For those who don’t know, Nina created quite a stir when the film was first released in 2008, as she chose to release it with a Creative Commons license. Specifically, she chose the “Creative Commons By Attribution Share-Alike 3.0 Unported” license, which, for those not familiar with CC licenses, gave anyone the right to copy, share, screen, remix, sell, or otherwise distribute or reuse the film any way they chose as long as Nina Paley was given credit and as long as the license was maintained on copies and applied to any derivative works.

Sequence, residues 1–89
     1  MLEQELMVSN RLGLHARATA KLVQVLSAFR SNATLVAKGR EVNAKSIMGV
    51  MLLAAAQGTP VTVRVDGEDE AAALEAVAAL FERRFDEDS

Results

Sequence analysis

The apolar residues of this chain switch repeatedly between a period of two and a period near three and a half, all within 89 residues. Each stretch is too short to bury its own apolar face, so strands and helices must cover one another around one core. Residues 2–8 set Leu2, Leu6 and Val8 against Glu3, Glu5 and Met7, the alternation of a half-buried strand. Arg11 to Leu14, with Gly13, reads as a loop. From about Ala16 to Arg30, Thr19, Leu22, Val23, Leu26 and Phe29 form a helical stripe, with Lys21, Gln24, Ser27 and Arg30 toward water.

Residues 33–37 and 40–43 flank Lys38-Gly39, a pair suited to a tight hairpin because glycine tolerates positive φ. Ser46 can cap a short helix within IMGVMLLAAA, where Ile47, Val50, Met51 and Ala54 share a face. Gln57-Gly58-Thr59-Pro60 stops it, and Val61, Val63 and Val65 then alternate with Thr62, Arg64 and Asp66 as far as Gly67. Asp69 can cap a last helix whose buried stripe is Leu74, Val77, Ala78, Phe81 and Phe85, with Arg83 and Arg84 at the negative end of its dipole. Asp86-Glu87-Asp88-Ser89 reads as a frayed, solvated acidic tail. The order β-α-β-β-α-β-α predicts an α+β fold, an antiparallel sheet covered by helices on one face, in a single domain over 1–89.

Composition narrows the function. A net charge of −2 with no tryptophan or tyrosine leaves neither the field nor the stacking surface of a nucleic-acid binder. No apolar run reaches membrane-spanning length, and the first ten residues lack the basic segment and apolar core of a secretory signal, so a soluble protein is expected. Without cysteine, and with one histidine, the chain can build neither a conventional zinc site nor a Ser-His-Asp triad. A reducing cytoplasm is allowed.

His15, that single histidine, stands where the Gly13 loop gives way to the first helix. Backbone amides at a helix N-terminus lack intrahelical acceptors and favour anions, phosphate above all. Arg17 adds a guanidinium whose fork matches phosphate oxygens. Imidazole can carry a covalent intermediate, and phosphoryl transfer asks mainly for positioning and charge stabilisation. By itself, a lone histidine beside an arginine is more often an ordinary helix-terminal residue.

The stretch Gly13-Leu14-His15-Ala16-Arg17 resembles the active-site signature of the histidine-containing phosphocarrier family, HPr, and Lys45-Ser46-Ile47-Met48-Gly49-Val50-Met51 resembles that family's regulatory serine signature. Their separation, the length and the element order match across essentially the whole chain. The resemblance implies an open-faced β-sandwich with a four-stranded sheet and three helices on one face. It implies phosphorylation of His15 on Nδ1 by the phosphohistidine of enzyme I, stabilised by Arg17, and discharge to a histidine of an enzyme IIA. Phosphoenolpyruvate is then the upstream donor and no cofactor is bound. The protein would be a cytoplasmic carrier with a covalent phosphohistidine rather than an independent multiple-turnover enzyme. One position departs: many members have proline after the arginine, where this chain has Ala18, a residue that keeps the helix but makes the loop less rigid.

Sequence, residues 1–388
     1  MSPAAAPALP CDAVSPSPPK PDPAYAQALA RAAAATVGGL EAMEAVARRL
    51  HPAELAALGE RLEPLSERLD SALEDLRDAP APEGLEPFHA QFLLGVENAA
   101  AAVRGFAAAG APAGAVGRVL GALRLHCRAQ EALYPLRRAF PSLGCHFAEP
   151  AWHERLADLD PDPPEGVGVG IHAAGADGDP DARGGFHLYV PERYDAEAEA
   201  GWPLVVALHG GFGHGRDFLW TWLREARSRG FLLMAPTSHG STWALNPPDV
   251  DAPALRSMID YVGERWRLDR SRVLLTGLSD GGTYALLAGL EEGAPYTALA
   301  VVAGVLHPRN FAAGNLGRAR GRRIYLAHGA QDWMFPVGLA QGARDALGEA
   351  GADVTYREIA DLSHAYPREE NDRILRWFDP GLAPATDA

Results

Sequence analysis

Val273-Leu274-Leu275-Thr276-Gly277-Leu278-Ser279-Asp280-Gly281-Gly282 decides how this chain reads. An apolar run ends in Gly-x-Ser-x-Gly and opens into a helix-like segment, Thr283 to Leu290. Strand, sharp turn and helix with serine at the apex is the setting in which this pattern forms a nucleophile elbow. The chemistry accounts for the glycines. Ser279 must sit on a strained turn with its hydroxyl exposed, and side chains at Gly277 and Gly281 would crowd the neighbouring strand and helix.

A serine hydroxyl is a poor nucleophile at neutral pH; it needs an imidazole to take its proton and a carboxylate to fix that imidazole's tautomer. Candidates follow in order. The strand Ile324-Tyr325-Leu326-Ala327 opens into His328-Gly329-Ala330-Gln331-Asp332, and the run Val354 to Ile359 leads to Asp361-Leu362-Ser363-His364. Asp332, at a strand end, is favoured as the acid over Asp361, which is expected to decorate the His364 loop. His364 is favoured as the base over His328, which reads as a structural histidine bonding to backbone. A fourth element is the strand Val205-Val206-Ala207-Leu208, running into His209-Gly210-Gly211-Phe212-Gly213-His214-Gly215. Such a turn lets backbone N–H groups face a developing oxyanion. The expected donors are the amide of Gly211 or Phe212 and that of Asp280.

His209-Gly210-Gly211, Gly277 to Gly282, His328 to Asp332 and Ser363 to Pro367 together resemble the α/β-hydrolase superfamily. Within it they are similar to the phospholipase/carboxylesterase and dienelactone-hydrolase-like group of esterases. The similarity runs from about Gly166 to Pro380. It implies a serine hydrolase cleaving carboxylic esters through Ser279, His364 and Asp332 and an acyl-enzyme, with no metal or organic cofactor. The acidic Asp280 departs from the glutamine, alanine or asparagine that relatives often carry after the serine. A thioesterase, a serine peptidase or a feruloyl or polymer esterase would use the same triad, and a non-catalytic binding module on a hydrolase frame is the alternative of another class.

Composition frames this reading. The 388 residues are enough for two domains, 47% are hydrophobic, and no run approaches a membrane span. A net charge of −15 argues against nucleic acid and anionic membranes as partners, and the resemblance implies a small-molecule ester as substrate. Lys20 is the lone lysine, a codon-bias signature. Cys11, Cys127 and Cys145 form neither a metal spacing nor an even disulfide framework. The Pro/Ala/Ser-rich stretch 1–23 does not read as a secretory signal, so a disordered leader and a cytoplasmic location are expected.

I’ve shared Nina’s internal debate over what Creative Commons license (or waiver, as the case may be) to use for quite some time. By Attribution is appealing as it essentially makes the work almost-public domain while guaranteeing that any copying/reuse is attributed to the original author, preventing plagiarism. By Attribution Share-Alike is appealing for the same reason, and also promotes Free Culture ideals by forcing derivative works to also carry the same open license. Creative Commons Zero, or CC0 for short, is appealing because it really cuts right to the heart of the whole issue of permission culture vs. Free Culture: it allows the work to truly run free within the public domain as much as legally possible.